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Aphrodite's Daughters

Fascinated by the ancient Indian temple dancers, Jalaja Bonheim travelled to that country to immerse herself in what she could find of an almost lost world. Ahe discovered a wonder-filled attitude to woman, the Goddess, body and sexuality. Such refreshing attitudes were not reflected in modern Indian society but nevertheless the faint echoes that Jalaja Bonheim did find affirmed and healed her as a sexual woman.
Jalaja Bonheim  

There I was first introduced to a playful, erotic god, a voluptuous, sensual goddess, and an ancient tradition of sexual priestesses.

My interest in women's sexual journeys is based on my belief that sex is an inherently sacred and soulful force. If we look carefully and with an open mind, we will find that our sexual stories yield rich spiritual nourishment. Women have always found sacredness in the midst of the ordinary, harvesting spiritual wisdom from the fields and forests of their everyday embodied experience. Yet, especially in sexual matters, our knowledge has remained largely unspoken, as if we were creatures of the sea who float and turn silently in the depths, graceful but mute.

We have often been told that our sexual nature has no relevance to our spirituality. I do not believe this is true. Yes, the Great Mystery transcends gender, as it transcends all dualities. Nonetheless, our spiritual paths unfold along very different lines, depending on whether we enter the world in a male or a female body. Our soul (by which I mean the portion of our greater Self that is engaged in a process of blossoming through time and space) does not simply sit in a body like water in a jar. Rather, it merges with the body, so that each permeates the other, as the golden colour of a sunflower permeates its petals. You cannot separate a sunflower from its colour. In the same way, our soul acquires a particular colouring and fragrance by virtue of inhabiting a female or male body. The soul of a woman vibrates with a different frequency than that of a man, emits a different quality of light, and sings a different song. Men and women may be headed for the same ultimate destination, but we travel different paths. (Edvard Munch The Hands)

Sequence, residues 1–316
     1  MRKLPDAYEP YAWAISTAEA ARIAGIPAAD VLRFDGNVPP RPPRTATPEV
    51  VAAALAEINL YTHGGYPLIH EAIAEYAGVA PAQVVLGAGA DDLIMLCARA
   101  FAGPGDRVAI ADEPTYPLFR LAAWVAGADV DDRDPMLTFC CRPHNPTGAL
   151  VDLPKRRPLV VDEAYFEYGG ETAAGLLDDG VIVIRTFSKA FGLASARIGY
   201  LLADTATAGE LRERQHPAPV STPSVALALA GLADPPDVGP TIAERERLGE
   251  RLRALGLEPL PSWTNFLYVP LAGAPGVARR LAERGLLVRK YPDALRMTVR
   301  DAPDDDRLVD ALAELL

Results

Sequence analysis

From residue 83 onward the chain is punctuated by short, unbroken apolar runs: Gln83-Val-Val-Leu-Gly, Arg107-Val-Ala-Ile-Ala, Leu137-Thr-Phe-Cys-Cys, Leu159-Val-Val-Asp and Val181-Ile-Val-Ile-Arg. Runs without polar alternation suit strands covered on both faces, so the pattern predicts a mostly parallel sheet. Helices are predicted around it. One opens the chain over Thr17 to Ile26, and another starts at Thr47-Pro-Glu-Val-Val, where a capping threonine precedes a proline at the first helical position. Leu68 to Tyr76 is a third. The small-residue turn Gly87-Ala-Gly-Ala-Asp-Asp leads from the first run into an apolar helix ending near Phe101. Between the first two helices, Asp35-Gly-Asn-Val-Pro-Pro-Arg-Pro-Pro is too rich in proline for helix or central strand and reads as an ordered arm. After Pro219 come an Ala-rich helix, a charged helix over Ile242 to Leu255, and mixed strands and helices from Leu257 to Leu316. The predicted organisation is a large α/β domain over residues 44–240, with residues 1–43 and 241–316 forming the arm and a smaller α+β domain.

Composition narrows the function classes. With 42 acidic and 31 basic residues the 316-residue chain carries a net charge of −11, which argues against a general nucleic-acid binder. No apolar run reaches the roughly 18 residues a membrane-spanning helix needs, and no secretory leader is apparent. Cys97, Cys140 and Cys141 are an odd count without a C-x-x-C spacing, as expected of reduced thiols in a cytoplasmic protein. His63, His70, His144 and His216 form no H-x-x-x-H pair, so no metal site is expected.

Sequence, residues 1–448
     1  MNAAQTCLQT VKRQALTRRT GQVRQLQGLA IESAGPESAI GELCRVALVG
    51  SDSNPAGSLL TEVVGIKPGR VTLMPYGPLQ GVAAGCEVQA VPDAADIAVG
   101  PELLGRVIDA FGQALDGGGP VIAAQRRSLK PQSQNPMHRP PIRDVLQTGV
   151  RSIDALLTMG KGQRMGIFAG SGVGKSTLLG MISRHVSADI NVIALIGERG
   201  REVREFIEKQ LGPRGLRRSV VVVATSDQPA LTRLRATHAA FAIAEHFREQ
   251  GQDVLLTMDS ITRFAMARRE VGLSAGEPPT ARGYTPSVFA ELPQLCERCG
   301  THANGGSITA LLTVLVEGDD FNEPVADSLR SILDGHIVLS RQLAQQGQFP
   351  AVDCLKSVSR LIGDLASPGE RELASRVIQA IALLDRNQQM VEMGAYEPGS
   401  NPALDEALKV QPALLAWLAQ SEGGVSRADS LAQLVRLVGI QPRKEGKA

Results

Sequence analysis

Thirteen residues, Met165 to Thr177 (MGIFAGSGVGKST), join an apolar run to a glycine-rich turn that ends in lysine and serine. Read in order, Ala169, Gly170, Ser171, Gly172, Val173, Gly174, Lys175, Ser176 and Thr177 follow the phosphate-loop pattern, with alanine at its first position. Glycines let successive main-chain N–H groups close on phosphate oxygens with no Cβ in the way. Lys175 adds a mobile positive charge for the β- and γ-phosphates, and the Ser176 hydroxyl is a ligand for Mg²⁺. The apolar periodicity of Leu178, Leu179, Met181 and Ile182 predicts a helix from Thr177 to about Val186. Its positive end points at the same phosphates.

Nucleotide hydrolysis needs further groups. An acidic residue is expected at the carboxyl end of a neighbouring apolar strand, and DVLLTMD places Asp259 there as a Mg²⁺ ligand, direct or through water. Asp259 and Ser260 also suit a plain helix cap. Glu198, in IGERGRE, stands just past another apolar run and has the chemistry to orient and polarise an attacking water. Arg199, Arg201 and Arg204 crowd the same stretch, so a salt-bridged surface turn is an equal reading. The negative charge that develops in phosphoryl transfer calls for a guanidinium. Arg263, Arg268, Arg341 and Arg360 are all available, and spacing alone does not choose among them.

I started gathering women's sexual stories in 1994. But in a deeper sense, the foundation for this book was laid during three extended trips I took to India in 1981,1984, and 1987. There I was first introduced to a playful, erotic god, a voluptuous, sensual goddess, and an ancient tradition of sexual priestesses. India taught me about the many faces and forms of god and goddess and gave me a spiritual education my Western upbringing had failed to provide. Most important, it totally transformed my sense of who I am as a woman and sexual being.

All my life, Indian culture had fascinated me, but I had never experienced classical Indian temple dance until one rainy evening, in 1981, when I went to see the performance of a young Indian dancer. The minute she stepped onto the stage I felt transported to another world. She wore a rich purple and emerald green silk costume sumptuously embroidered with gold brocade; on her ankles were rows of delicate bells, and in her jet-black hair were delicate white jasmine blossoms. In a soft voice, she told us that she was about to perform very ancient dances that had been passed down through an oral tradition. Nobody knew their exact age, but gestures and postures on thousand-year-old temple walls suggested that a millennium ago, Indian temple dance was already a well-established tradition.